Ketogenic Diets May Protect Against Oxidative Damage

mouse 1In today’s post, I’ll review a recent study proposing a possible mechanism for the benefits of a ketogenic diet. This post builds on my previous post about epigenetics.

In the research paper “Suppression of Oxidative Stress by β-Hydroxybutyrate, an Endogenous Histone Deacetylase Inhibitor,” researchers investigate the role of β-Hydroxybutyrate (βOHB) in preventing damage by oxidative stress. βOHB is a product of fat oxidation and serves as the major source of energy during prolonged exercise, under fasting conditions, or when following a ketogenic diet. 

The researchers first sought to determine if βOHB inhibits histone deacetylases (HDACs). HDACs are proteins involved in epigenetics. HDACs perform a function that results in the tightening of DNA, thereby reducing the expression of genes in the affected region. Through a series of experiments, the researchers were able to confirm the βOHB did inhibit the action of HDACs.

Next, the researchers wanted to know which genes were up-regulated as a result of βOHB inhibiting HDACs. They found that five genes involved in the FOXO3A pathway were up-regulated. The FOXO3A pathway is relevant in cancer because its up-regulation results in a cell-cycle arrest (cells do not divide as quickly) and reduced oxidative stress (less oxidative stress= less damage to DNA). Also, expression of the metallothionein-2 (Mt2) gene was increased. Like FOXO3A, Mt2 protects against oxidative stress.

The researchers wanted to determine whether increased levels of βOHB actually reduced oxidative stress in vivo. To do this, they implanted mice with a subcutaneous βOHB pump, which supplied a steady release of βOHB. Researchers then injected a chemical, paraquat, which induces build up of reactive oxygen species. Compared to control mice (with no βOHB pump), βOHB mice had an impressive 54% reduction in reactive oxygen species.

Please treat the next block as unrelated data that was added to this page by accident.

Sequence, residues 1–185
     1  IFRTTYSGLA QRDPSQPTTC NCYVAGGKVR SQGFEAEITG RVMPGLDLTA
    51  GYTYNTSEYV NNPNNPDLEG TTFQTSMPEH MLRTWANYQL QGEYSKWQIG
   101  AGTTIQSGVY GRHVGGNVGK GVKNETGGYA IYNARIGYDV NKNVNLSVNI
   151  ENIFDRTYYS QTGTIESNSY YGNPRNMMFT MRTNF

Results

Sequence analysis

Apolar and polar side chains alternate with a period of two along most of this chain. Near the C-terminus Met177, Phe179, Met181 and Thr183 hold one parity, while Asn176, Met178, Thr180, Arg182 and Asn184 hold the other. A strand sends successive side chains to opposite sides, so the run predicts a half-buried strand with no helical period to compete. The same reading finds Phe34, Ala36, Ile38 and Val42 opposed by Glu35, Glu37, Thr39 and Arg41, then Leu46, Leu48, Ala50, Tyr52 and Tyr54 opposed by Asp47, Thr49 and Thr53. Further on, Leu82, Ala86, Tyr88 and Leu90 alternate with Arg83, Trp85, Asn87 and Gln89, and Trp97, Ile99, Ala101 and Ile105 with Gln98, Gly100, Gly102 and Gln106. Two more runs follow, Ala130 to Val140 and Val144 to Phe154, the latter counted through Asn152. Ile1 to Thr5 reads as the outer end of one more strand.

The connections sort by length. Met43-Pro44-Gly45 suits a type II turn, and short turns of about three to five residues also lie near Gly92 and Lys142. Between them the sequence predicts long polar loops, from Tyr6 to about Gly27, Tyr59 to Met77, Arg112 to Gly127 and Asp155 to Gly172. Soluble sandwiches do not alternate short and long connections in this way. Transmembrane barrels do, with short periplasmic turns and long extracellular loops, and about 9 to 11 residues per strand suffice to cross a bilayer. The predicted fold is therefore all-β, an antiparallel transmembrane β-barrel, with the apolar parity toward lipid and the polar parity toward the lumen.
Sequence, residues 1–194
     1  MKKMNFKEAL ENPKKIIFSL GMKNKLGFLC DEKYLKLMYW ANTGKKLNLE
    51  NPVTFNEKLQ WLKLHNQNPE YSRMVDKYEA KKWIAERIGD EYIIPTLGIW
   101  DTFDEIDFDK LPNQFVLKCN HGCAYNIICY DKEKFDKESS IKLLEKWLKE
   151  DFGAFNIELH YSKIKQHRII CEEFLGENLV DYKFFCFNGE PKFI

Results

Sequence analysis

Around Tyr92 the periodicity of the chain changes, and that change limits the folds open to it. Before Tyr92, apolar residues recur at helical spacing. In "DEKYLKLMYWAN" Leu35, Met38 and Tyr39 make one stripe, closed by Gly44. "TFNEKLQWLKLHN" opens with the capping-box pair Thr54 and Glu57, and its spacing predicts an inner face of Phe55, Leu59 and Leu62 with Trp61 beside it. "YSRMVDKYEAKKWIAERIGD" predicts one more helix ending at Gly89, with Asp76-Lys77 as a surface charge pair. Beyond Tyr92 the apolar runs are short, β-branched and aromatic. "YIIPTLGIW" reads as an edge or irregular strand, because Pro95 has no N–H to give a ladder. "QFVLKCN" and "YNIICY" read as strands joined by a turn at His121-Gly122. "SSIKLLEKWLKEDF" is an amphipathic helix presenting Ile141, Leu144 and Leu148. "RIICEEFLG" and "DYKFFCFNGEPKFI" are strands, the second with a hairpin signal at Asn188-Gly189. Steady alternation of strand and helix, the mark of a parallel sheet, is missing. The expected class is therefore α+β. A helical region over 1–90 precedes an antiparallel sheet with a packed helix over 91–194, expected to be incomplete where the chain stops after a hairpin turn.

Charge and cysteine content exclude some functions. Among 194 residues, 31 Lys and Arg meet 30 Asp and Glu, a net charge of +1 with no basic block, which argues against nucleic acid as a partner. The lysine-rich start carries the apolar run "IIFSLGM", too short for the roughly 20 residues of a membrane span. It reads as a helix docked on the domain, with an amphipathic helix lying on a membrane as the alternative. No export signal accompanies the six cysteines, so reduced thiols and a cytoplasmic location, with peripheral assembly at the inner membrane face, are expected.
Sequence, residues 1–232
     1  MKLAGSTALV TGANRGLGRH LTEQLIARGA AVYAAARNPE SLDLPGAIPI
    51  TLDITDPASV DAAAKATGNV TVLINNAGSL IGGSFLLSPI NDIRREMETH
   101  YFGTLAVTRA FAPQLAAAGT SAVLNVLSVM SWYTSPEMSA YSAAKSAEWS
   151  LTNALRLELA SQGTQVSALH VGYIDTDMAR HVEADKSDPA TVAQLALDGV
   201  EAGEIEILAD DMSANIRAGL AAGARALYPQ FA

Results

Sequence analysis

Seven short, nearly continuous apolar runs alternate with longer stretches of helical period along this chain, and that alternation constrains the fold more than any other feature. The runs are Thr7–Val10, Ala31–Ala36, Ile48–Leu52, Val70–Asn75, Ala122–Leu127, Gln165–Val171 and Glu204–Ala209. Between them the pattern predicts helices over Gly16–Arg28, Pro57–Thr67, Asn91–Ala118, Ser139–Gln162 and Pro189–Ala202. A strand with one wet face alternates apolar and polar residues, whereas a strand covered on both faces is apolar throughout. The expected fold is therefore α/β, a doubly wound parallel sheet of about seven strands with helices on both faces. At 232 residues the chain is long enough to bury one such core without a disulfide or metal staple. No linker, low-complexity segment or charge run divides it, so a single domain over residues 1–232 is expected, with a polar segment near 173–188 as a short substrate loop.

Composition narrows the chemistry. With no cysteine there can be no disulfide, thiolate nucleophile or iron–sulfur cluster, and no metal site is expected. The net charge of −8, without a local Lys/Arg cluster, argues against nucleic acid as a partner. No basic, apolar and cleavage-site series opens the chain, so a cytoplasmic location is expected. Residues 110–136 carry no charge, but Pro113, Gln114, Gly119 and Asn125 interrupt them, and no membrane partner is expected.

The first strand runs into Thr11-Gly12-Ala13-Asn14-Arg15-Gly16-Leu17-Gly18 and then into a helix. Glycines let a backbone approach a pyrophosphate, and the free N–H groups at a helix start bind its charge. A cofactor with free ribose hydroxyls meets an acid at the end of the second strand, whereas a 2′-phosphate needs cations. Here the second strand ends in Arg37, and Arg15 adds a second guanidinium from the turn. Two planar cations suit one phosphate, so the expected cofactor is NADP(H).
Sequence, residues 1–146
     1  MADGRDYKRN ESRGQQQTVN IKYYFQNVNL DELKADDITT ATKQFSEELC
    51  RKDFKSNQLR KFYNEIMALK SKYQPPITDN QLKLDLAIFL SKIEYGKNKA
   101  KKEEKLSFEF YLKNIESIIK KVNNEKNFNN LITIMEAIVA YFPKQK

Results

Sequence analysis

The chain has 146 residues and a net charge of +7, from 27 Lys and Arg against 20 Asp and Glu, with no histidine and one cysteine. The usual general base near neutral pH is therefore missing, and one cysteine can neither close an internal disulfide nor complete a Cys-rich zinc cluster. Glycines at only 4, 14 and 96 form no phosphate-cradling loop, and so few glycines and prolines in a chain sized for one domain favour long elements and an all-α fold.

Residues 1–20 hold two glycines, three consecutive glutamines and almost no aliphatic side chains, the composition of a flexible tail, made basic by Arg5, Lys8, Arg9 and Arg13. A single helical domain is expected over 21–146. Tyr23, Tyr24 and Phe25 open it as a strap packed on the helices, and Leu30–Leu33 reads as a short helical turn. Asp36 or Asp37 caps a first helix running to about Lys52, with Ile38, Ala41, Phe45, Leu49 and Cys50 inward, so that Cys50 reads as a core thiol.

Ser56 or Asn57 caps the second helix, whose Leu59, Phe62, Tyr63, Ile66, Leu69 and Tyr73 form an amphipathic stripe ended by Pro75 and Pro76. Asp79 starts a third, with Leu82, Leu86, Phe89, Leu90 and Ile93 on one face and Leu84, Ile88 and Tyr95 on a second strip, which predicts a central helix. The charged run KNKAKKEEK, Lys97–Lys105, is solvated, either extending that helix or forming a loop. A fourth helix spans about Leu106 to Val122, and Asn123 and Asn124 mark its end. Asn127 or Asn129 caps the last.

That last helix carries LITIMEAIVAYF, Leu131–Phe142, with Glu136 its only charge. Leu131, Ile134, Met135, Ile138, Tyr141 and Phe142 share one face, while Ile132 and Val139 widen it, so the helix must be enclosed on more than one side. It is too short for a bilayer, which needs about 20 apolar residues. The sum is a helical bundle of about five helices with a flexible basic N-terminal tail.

Researchers also evaluated a maker of oxidative stress in these mice, 4-hydroxynonenal (4-HNE). 4-NHE is a product of polyunsaturated lipid degradation and accumulates in response to oxidative stress. The control mice had a three-fold increase in 4-NHE, indicating high levels of oxidative stress. This increase was completely suppressed in βOHB mice, indicating that high levels of βOHB protect against oxidative stress.

Ketogenic diets have been shown to be neuroprotective[i]. The authors propose that this neuroprotective effect could be due to a reduction in oxidative damage.

Additionally, oxidative damage can cause DNA damage and mutations. Ketogenic diets may protect against DNA damage and could even reduce the incidence of cancer. This is one area that I am researching for my PhD dissertation, so stay tuned!


[i] Y Kim et al. (2007) Ketone bodies are protective against oxidative stress in neocortical neurons. J. Neurochem. 101: 1316.

One thought on “Ketogenic Diets May Protect Against Oxidative Damage

  1. Pingback: Diet adjusts which genes are active and inactive « The Epigenetics Project Blog

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